Confession: I really don’t think I’ve ever set in a woven sleeve properly. I ALWAYS have little gathers!
One of the many reasons that I love sewing with knits is that sewing sleeves is completely painless and foolproof. No gathered basting stitches, no fancy matching of notches…. just a couple of pins and one quick seam!
The key to knit sleeves is that they are sewn in flat, before the side seam is sewn. If you’ve ever sewn a Renfrew, Lady Skater, or any other knit pattern I can think of, you’ll have tried this method. But just in case a complete knit newbie is reading this, or someone who has only tried knit kimono sleeves, I thought I’d explain how I handle the process!
Step 1: Sew the shoulder seams, and finish the neckline. Lay out the shirt and sleeve with the right-side up. See how the armscye and sleeve curve are basically the same length but slightly different curves?
Step 2: Use a pin to roughly mark the straight of the grain at the highest point of the sleeve cap. When you sew, this point will line up with the shoulder seam.
Step 3: Flip the sleeve up so that it is right-sides together with the shirt. Re-pin through the shoulder seam and top of the sleeve cap.
Step 4: Once you’ve pined at the shoulder seam, bring the corner of the sleeve down to line up with the armscye. I put a single pin in the corner at the start and end of each seam. (Actually, I usually don’t pin the corner where I start… I just hold it in place until I start to serge! Why put a pin in that I’ll just have to take out 3 seconds later?)
Remember how different the curves of the armscye and sleeve looked before? They magically look more similar now. I find the first 15cm or more lines up quite neatly, the over the top of the shoulder I might have to stretch the shirt to east in the sleeve. Once I have the shoulder seam pinned to the top of the seam, it’s pretty clear how much easing will have to happen and wear. Just stretch it and MAKE it fit! Don’t be too gentle – Show that knit who is boss!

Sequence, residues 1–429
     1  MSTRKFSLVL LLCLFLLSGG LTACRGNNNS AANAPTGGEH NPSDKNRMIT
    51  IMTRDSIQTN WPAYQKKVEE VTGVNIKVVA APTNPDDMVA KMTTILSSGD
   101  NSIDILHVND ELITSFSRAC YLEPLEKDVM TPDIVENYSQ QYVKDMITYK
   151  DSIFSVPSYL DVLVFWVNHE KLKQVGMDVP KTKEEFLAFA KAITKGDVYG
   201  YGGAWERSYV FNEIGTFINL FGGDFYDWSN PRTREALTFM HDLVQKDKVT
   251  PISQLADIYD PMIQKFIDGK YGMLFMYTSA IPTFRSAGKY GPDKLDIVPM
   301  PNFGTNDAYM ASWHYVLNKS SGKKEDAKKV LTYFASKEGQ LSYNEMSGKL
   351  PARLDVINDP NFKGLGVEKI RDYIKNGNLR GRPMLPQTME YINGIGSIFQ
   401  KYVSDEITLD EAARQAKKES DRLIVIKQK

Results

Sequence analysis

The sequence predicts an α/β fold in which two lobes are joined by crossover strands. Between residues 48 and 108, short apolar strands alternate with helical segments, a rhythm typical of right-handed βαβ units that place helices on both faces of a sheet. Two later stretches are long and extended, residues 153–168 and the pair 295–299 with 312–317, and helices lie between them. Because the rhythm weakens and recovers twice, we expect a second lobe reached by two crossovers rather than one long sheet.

Step 5: Here’s what my seam looked like after serging! I don’t reinforce anything most of the time, nor do I use my sewing machine to reinforce the serging. I’ve been wearing my t-shirts steadily for a year, and never ever had problems with my 4-thread serger stitching popping open.
Step 6: Here’s how my sleeve seam looks form the outside. Don’t worry if the seam looks a little wobbly or bubbly.. your shoulder should fill that out just fine!
Step 7: The most satisfying step! With right-sides together, sew up the sleeve sides of the t-shirt in one go! I like to start at the sleeve end, concentrating on lining up the seams under the armpit.
After that, it’s time to finish the cuffs and hem, and you are done your shirt! I know some people like to finish the cuff flat before sewing up the sides… I prefer to do them after so that I don’t have to worry about perfectly lining up the edges of the cuff as I sew the sleeve.
So how do you set in sleeves on a knit garment? Has anyone ever tried setting them in the round? Do you have any tips or tricks of your own?
As always, my other Lazy Tips for Sewing Knits are gathered at the top of my blog page! I’m going to wrack my brain for new tips for the new year, so let me know if you have a question!